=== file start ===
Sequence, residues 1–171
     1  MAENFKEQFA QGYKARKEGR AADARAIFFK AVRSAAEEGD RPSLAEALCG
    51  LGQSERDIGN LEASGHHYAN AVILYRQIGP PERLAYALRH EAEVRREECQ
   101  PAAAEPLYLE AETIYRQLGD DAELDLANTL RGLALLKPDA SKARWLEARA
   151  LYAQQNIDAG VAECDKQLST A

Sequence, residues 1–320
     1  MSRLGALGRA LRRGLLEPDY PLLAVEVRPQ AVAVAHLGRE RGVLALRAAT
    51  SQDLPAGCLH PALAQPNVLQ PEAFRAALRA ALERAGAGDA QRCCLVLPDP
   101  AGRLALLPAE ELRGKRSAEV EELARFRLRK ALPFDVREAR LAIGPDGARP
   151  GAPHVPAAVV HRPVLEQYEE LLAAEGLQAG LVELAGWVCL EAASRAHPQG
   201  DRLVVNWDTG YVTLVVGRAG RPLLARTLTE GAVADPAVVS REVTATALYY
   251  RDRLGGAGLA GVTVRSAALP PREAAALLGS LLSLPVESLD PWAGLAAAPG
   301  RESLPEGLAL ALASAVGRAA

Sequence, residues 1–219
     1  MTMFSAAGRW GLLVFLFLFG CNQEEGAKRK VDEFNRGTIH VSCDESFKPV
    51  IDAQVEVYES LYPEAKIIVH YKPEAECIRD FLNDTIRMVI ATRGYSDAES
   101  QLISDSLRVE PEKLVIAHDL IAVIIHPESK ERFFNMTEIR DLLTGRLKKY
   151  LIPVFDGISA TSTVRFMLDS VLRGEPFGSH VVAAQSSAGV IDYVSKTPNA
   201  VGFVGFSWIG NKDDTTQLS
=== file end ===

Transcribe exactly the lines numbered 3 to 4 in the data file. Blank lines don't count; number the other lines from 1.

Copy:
    51  LGQSERDIGN LEASGHHYAN AVILYRQIGP PERLAYALRH EAEVRREECQ
   101  PAAAEPLYLE AETIYRQLGD DAELDLANTL RGLALLKPDA SKARWLEARA